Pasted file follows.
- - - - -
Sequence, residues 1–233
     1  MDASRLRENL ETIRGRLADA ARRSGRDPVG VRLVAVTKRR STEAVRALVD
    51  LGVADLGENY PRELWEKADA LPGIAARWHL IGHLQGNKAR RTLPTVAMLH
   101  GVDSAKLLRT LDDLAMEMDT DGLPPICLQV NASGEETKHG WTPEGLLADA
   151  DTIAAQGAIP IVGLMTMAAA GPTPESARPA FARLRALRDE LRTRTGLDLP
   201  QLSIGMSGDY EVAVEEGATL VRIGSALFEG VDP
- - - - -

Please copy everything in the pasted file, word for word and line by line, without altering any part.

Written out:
Sequence, residues 1–233
     1  MDASRLRENL ETIRGRLADA ARRSGRDPVG VRLVAVTKRR STEAVRALVD
    51  LGVADLGENY PRELWEKADA LPGIAARWHL IGHLQGNKAR RTLPTVAMLH
   101  GVDSAKLLRT LDDLAMEMDT DGLPPICLQV NASGEETKHG WTPEGLLADA
   151  DTIAAQGAIP IVGLMTMAAA GPTPESARPA FARLRALRDE LRTRTGLDLP
   201  QLSIGMSGDY EVAVEEGATL VRIGSALFEG VDP